The 80s opened up fitness to women that had previously never existed. There are so many options today. Women like Gin Miller set the stage for today’s fitness generation for women. It’s hard to know if women in fitness today understand that women like Gin birthed a fitness movement with STEP Reebok.
She was instrumental. You can also point to Jane Fonda who had a huge impact as well. She made it ok to have muscles and sweat in public. She had a giant platform and when she started doing her exercise videos, women started to think ‘I can do this, and I don’t care what men think. I’m going to sweat, and I like it.’ Jane Fonda blew the door open and then women like Gin Miller created substance to it, something permanent that has now become a gigantic industry.
Reebok played a huge role. I’m really proud of what we did and the fact that we recognized all of this long before anyone else in the sporting goods business—for sure.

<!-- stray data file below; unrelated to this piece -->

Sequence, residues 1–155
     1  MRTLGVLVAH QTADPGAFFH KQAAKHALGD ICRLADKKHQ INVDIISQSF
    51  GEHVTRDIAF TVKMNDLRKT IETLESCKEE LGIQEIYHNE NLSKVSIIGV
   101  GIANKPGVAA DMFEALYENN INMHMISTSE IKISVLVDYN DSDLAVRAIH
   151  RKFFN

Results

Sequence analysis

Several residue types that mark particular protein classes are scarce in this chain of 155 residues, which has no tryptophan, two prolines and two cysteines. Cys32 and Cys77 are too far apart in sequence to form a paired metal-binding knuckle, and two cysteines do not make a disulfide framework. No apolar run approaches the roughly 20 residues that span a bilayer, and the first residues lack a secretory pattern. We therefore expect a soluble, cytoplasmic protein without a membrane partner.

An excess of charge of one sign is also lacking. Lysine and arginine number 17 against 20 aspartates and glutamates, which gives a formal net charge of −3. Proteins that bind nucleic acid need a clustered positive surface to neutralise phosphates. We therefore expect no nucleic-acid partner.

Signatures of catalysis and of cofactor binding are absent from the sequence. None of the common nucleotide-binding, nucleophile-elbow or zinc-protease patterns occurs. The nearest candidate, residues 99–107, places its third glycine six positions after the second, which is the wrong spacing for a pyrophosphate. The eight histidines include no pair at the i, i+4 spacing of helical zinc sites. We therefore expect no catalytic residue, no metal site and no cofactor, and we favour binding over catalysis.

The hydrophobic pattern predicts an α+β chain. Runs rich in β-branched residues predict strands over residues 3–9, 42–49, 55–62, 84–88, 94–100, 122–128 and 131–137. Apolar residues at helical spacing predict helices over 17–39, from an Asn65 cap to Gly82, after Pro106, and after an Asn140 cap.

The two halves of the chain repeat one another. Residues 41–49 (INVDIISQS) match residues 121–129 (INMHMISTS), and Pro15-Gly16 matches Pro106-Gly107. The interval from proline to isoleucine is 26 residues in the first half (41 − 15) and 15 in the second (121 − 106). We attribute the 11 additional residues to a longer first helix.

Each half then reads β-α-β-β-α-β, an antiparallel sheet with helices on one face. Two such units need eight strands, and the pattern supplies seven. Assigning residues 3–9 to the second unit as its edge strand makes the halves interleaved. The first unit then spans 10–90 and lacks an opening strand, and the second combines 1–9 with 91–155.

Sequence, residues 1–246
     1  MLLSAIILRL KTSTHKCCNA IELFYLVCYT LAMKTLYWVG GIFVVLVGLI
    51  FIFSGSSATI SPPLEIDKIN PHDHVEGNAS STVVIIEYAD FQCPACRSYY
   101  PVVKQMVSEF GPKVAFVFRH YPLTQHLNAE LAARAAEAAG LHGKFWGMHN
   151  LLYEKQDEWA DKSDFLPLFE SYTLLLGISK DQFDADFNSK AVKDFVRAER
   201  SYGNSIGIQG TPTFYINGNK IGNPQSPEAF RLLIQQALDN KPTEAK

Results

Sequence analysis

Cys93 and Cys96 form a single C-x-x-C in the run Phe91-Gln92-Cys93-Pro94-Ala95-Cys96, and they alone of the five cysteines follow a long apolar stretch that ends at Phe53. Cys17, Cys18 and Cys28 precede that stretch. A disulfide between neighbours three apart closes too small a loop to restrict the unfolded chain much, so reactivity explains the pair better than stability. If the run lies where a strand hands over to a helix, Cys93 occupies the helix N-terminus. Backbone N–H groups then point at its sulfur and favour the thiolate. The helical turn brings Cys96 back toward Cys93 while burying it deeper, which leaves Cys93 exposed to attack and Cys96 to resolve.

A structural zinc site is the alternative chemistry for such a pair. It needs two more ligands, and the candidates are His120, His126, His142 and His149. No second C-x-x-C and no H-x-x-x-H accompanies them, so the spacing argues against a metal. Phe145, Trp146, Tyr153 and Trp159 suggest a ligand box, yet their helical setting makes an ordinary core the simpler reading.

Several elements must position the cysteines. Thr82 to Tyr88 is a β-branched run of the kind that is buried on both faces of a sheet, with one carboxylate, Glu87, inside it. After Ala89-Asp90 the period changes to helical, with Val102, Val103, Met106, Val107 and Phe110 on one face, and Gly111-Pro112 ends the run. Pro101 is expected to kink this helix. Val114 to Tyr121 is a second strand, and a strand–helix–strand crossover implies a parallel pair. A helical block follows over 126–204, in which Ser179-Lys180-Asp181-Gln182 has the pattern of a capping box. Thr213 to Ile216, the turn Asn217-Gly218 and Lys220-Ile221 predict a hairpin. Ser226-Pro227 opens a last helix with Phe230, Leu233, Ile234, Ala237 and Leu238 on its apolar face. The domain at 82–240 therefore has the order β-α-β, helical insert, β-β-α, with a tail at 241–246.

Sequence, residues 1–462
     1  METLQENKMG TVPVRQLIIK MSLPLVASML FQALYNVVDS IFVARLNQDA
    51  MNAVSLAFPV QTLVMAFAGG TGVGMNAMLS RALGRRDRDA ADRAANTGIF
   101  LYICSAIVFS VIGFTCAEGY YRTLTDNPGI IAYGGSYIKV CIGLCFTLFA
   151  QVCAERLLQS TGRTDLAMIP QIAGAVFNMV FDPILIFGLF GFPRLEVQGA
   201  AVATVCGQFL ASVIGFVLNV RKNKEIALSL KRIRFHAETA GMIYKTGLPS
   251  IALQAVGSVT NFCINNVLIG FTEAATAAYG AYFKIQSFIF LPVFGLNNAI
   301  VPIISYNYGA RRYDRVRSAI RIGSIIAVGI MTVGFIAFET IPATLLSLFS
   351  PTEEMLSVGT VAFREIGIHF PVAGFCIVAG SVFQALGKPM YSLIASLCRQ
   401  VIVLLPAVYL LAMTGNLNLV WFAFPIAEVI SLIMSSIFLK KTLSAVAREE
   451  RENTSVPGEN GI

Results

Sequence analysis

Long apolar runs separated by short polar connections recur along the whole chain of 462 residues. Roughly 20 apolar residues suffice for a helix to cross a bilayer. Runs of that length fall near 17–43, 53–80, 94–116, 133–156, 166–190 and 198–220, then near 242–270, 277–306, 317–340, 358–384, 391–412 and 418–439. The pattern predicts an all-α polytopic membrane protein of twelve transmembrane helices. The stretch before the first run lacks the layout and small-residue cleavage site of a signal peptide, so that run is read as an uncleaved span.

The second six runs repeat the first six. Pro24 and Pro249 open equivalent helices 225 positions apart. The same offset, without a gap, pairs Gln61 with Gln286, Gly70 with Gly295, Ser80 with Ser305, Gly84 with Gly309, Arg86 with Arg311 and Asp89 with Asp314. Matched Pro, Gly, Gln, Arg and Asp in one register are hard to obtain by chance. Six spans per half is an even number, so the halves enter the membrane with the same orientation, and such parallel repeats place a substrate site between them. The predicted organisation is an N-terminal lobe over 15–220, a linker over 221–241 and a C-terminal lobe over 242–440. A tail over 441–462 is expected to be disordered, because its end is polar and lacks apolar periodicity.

And in those days the sporting goods industry was 98-percent men. Correct! It was typically populated by retired football and basketball coaches, and it was probably the last place on Earth that women were going to get an opportunity. It wasn’t until Reebok came along and all these guys in the sporting goods stores realized if they didn’t start selling our fitness shoes to women they were going to lose a lot of money.
Reebok blew it all open for the sporting goods industry to embrace women’s product. I remember when I first started with the brand as a rep. My territory was Northern California, Oregon and Washington. I met two women, Linda Lindahl and Hinda Schreiber, who had invented something they called the Jog Bra. I was one of their first reps in the U.S. and helped them with their sales and marketing.
One day I walked into a hook + bullet store in Eastern Oregon selling aerobic shoes and jog bras. The guys looked at me and laughed, but they gave me an order because of the courage it took to walk in there. A year later, they were my biggest account.
There were so many retailers who were looking for product primarily for women runners. Oregon has a huge running community. Reebok then became a big account, and suddenly I was selling women’s product including Moving Comfort jog bras.